SANTA ANA, Calif. — Forever 21 Inc. co-founder Jin Sook Chang took the witness stand Tuesday to defend her $1.7 billion company against charges by Trovata that the cheap-chic retailer copied its designs.
This story first appeared in the May 20, 2009 issue of WWD. Subscribe Today.
Speaking through a Korean translator, Chang said she had little knowledge of the company’s finances and she was not even aware of the Trovata brand until after the lawsuit was filed.
Trovata lawyer Frank Colucci asked Chang to examine the Forever 21 merchandise Trovata alleges was copied and the originals. Glancing at a Trovata striped cardigan and the alleged copy, Chang said, “Even at Gap, Old Navy and those stores, they sell this similar type of stripe. It is available at all places. I don’t know why this became the issue…stripes, they are always similar.”
She said she didn’t know how particular garments were made because “we simply trust the vendors and they manufacture the garment for us.”
Explaining Forever 21’s merchandise selection process, Chang testified that vendors supply samples that are either approved or dropped by a buying team of six to seven members, which she heads.
“We choose pretty ones,” she said of the samples.
The team infrequently purchases clothing from retail competitors, and when it does it asks vendors to alter them for Forever 21 stores, she said.
“Sometimes we purchase an item and then we request the vendor to change the design to make them attractive,” Chang testified. “When the fabric is good, then we ask them to find that particular fabric for us.”
Chang emphasized there has been continuing training at Forever 21 for the last four or five years to alert members of the buying team to items that might present legal issues.
“We are reviewing all the items that might cause legal problems, but we thought this particular stripe [referring to a shirt that was allegedly copied] would not cause any problems, so we didn’t review this,” she said.
Outside of her role as head buyer, Chang testified she knows little about the workings of Forever 21. She could not identify the officers of the retailer, other than her husband, company co-founder Do Won Chang, who is chief executive officer. She said she had never seen the company’s financial statement.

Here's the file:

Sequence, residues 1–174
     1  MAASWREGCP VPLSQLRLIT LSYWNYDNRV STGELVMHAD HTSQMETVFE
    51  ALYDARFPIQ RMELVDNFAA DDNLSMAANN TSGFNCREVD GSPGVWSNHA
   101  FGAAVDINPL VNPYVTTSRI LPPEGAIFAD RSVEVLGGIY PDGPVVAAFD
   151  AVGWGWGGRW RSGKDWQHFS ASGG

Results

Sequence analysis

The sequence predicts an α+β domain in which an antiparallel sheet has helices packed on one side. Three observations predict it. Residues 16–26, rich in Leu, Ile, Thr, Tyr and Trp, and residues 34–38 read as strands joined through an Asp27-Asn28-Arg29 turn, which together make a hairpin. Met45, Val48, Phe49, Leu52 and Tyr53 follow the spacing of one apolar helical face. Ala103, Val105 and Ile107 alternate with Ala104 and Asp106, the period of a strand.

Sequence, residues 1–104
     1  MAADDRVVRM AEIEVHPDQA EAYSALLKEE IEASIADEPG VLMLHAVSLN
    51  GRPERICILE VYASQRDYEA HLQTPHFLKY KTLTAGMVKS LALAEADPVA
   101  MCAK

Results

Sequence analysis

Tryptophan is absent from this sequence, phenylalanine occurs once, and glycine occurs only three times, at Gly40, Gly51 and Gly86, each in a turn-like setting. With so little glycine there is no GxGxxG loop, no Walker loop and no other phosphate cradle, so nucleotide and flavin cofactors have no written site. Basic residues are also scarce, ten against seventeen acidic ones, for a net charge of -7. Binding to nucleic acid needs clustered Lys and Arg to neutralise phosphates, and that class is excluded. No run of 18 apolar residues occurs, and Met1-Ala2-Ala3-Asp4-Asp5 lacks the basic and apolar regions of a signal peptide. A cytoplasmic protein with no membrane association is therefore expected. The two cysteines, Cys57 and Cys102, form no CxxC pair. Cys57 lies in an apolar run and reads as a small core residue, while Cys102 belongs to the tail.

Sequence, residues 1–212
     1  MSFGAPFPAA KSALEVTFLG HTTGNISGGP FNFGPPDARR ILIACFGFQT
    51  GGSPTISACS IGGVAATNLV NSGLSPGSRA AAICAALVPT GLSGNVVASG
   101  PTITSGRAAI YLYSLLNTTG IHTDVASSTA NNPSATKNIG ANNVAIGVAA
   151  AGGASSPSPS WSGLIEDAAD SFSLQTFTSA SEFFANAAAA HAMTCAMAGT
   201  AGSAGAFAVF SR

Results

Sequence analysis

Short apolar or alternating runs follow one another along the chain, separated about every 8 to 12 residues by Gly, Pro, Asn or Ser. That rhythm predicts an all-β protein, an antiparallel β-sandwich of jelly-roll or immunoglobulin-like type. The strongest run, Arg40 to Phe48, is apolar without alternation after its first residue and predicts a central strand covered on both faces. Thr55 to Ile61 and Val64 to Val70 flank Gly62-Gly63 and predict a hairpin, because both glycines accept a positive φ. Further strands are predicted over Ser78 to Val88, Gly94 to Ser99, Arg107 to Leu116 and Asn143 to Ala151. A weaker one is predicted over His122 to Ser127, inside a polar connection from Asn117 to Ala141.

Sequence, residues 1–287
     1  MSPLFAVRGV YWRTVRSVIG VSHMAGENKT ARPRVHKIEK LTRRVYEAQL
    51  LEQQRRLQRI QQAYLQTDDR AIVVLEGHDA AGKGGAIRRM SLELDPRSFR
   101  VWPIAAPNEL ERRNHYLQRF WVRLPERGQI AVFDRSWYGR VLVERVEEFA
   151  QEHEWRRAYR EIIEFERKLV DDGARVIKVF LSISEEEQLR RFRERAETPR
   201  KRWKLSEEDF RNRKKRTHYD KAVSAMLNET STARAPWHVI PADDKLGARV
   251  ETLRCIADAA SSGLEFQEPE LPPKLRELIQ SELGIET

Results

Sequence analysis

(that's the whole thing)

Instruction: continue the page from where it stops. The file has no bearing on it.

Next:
Asked by Colucci whether she would be “surprised” if Forever 21’s sales exceeded $1.5 billion annually, Chang responded, “Yes, it’s surprising. I didn’t know.”
The trial, which got under way May 12 in U.S. District Court here after two years of legal maneuvering, could clarify intellectual property rights in an era when facsimiles of runway looks are likely to appear in global specialty chains before the designers’ original versions hit stores.
Trovata, based in Newport Beach, Calif., and headed by founder John Whiteledge, is seeking a multimillion-dollar award for actual and punitive damages.
Trovata has filed a lawsuit alleging Forever 21 turned out near-identical knockoffs of pieces worn on the runway or published in magazines — in one instance with labels inside a hoodie that were unique to Trovata.
The core of case is whether Forever 21’s use of similar design elements, such as buttons or color patterns (the legal term for which is “trade dress” — the visual appearance of a product that links it to a particular brand in consumers’ minds), constitutes an infringement of Trovata’s intellectual property.
The suit covers seven Trovata pieces, including cardigans, hoodies, shirts and a jacket from fall 2005 to early 2006.
U.S. copyright laws do not protect the basic design, silhouette or form of a garment. Under existing law, only original artwork, such as graphics or prints on clothing, can be copyrighted.
The Trovata lawsuit, unlike the more than 50 suits brought against Forever 21 in the last three-and-a-half years by companies such as Diane von Furstenberg, Anna Sui, Anthropologie and Bebe, does not allege copyright violations. The other suits have been settled out of court.
Los Angeles-based Forever 21 has conceded there are similarities between its garments and those of Trovata, but insists that it broke no laws because the disputed designs are not unique to Trovata.